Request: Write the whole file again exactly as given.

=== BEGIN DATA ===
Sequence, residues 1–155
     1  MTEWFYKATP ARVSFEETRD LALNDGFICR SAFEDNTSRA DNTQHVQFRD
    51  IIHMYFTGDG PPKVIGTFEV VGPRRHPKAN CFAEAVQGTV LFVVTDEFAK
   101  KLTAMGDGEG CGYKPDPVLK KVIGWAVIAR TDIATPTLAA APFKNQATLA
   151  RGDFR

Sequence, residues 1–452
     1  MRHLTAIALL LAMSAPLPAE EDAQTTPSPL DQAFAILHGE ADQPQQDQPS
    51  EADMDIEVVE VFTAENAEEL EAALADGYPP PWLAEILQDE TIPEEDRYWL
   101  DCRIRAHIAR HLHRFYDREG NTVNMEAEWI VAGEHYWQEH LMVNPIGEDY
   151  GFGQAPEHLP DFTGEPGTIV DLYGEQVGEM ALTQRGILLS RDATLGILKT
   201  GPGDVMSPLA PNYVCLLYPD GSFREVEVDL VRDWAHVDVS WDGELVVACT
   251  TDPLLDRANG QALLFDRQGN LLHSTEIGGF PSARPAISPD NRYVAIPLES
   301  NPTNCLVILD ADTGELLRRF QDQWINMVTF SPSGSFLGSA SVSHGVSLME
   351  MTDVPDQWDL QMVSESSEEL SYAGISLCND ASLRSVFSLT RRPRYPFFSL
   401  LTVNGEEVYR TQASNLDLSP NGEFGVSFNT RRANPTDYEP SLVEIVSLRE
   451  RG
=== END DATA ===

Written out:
Sequence, residues 1–155
     1  MTEWFYKATP ARVSFEETRD LALNDGFICR SAFEDNTSRA DNTQHVQFRD
    51  IIHMYFTGDG PPKVIGTFEV VGPRRHPKAN CFAEAVQGTV LFVVTDEFAK
   101  KLTAMGDGEG CGYKPDPVLK KVIGWAVIAR TDIATPTLAA APFKNQATLA
   151  RGDFR

Sequence, residues 1–452
     1  MRHLTAIALL LAMSAPLPAE EDAQTTPSPL DQAFAILHGE ADQPQQDQPS
    51  EADMDIEVVE VFTAENAEEL EAALADGYPP PWLAEILQDE TIPEEDRYWL
   101  DCRIRAHIAR HLHRFYDREG NTVNMEAEWI VAGEHYWQEH LMVNPIGEDY
   151  GFGQAPEHLP DFTGEPGTIV DLYGEQVGEM ALTQRGILLS RDATLGILKT
   201  GPGDVMSPLA PNYVCLLYPD GSFREVEVDL VRDWAHVDVS WDGELVVACT
   251  TDPLLDRANG QALLFDRQGN LLHSTEIGGF PSARPAISPD NRYVAIPLES
   301  NPTNCLVILD ADTGELLRRF QDQWINMVTF SPSGSFLGSA SVSHGVSLME
   351  MTDVPDQWDL QMVSESSEEL SYAGISLCND ASLRSVFSLT RRPRYPFFSL
   401  LTVNGEEVYR TQASNLDLSP NGEFGVSFNT RRANPTDYEP SLVEIVSLRE
   451  RG